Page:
The Many Scents of Rose – The Queen of All Flowers

Perhaps one of the most well known flowers of them all, the renowned “Queen of Flowers”. Not just for the romantics, English gardens or girls.

Rose take many colours but also many scents! Its complex molecular makeup makes it one of the most facetted scent in perfumery.

Not So Feminine


Rose is an incredible ingredient that is often misunderstood. For centuries, the terms ‘feminine’, ‘floral’ and ‘powdery’ have been strongly associated to the flower. While these are hard to break associations, it is important to note that certain species of rose carry a fresh, clean hint of citrus in their scents, woody and spicy notes, that can typically be associated with more ‘masculine’ tones.

Rose In Perfumery


An impactful floral note. Rose is prevalent all across the world in all shapes and sizes and not mention, in a variety of colours and smells. The excessive crossbreeding of roses to create a rainbow of colours has unfortunately led to hybrid roses losing their scent and so only some species of rose are used for fragrances.

Perfumers use only a few species of rose among the most scented: Rosa centifolia, also known as cabbage rose (in France) and Rosa damascena (in Turkey and Bulgaria). Rose is used in two extracts: the essential oil or the absolute, with the absolute being the deeper and sweeter variant.

Rose has stood the test of time thanks to its ability to blend perfectly with other florals, woods and citrus notes.

Rose extract’s chemical make up consists of  hundreds of compounds, which explains why its scent is so rich and multi-facetted. Rose is almost a perfume by itself. Rose extracts can have scents ranging from citrusy notes (lemongrass), green (minty), fruity (peach, plum, wine), spicy (clove), amber and sweet facets, all in one single ingredients!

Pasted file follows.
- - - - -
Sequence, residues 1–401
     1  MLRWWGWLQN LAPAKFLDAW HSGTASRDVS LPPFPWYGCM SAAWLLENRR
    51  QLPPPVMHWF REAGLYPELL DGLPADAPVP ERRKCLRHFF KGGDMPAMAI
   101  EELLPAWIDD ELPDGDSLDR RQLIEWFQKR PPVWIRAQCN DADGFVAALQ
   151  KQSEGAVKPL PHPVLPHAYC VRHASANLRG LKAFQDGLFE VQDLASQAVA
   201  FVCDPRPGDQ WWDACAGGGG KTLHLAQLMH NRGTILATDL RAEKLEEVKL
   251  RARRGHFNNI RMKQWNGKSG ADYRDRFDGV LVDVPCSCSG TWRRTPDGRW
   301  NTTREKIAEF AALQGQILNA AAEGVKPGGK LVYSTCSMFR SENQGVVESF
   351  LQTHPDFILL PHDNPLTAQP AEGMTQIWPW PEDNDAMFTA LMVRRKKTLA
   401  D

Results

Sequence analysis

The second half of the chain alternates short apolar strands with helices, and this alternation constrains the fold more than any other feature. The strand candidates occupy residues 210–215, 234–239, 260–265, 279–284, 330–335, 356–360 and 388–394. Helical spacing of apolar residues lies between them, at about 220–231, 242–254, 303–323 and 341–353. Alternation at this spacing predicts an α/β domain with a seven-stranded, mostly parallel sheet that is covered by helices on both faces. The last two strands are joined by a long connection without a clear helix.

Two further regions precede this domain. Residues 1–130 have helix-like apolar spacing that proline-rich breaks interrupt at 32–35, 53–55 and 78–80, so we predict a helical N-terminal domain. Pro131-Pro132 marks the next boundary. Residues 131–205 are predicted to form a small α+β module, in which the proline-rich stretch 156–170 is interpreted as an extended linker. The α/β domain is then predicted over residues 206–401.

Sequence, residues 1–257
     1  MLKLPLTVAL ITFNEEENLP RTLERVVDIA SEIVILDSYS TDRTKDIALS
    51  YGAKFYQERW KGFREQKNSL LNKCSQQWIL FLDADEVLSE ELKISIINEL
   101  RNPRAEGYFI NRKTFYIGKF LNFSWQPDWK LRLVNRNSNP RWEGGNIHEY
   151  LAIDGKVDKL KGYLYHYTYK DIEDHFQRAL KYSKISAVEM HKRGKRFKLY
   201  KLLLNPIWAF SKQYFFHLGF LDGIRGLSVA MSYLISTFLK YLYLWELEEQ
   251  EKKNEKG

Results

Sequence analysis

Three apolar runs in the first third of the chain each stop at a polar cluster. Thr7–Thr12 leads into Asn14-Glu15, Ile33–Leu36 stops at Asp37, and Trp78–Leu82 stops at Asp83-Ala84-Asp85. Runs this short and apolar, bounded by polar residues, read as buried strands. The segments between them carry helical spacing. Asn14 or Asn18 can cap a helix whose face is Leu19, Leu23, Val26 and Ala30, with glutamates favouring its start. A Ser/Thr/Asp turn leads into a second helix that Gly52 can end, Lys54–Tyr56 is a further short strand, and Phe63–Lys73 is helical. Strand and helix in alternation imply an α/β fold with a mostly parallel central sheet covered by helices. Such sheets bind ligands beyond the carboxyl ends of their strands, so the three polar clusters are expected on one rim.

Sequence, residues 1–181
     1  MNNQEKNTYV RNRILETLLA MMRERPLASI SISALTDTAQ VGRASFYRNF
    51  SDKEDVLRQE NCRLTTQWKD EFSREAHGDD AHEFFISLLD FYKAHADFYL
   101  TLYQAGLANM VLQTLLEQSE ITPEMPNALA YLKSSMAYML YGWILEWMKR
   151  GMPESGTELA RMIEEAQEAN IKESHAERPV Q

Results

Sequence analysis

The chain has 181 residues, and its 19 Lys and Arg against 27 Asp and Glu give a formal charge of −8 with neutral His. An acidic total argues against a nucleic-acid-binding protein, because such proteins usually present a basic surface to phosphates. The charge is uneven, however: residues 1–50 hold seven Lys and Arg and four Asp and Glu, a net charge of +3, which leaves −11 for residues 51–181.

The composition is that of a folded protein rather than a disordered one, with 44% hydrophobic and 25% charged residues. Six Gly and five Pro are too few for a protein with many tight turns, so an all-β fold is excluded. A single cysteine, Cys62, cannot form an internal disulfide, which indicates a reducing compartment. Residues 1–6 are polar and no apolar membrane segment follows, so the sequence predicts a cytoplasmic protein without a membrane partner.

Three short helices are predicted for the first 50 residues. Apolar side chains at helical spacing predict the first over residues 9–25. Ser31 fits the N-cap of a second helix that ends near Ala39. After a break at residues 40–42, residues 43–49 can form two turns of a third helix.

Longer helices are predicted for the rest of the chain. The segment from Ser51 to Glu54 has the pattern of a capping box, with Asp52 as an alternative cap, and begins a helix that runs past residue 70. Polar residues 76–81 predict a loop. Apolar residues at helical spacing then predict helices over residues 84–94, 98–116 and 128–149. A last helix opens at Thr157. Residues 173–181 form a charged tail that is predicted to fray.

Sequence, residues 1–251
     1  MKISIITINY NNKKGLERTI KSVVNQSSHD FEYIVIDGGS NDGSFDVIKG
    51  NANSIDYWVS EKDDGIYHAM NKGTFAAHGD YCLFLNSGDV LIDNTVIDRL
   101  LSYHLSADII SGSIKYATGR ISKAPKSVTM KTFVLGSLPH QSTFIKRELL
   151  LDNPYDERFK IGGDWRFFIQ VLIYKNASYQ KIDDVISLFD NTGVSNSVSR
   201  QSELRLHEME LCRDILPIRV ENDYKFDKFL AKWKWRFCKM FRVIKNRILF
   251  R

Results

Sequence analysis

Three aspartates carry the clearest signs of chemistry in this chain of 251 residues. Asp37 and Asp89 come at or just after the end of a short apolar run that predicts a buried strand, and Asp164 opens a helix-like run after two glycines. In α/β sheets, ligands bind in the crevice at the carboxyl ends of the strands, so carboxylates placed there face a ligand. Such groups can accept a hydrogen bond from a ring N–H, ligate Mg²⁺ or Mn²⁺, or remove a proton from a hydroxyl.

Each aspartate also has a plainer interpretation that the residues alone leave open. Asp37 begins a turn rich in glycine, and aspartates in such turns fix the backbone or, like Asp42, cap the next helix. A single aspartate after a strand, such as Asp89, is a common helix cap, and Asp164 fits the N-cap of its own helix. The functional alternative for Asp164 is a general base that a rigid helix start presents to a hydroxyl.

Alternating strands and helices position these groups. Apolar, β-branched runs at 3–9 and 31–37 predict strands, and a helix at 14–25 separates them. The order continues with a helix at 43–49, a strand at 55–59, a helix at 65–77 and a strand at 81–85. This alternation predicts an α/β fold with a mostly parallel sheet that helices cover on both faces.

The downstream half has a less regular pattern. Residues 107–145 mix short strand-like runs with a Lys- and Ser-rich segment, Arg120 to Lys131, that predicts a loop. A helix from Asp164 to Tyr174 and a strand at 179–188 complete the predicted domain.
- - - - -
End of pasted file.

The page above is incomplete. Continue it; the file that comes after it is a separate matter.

Rose Damascena vs Rose Centifolia. Can you spot the difference?

Molecular Wonder

All natural extracts is made up from different molecules, some of which are responsible for giving it its scent.

Rose oxide is a naturally chemical compound which on its own smell like a “metallic rose”. Other molecules contribute to the scent of rose, including citronellol, geraniol and phenyl ethyl alcohol, all are also present in other natural extracts.

Beware of indole, a natural molecule present in most flowers as that can make a rose oil smell dirty-animalic.

These molecules bring such excitement to the world of perfumery! Not only you can recreate the smell of rose but you can recreate the same rose again and again without worrying about its origin or harvest! It also means you can create an endless variety of rose scents that is not found in the flowers themselves. Experimentation in it’s truest form. All while not burning a hole in the pocket as rose extracts come with a big price tag.

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Rose, from harvest to bottle


Rose Centifolia, also nicknamed ‘Rose de Mai’, takes its name from the time of the year it blooms and gets harvested. Rose harvests starts from May to June and happens in the early morning when their scent is strongest. The handpicked flowers are steam distilled on the same day to extract the essential oil. The leftover rose water from the steam distillation is usually used in desserts such as Turkish Delights but can also be found in some perfumes to give a lighter fragrance. Rose can also be found as absolute, a different type of extracts resulting in a deeper and sweeter-honey scent.


In Morocco, Rose has its own Festival, taking place each May in the “capital” of the Valley of Roses – El Kelaa M’Gouna. Turkey, Bulgaria, France and Morocco are perhaps the most well known for their production of rose but it isn’t cheap! The pure oil and absolute of rose are among the most expensive of the extracts used in perfumery and can only really be found in luxury perfumes. Rose water however is a fraction of the price and can be found to flavour desserts and teas as well as in cosmetics.

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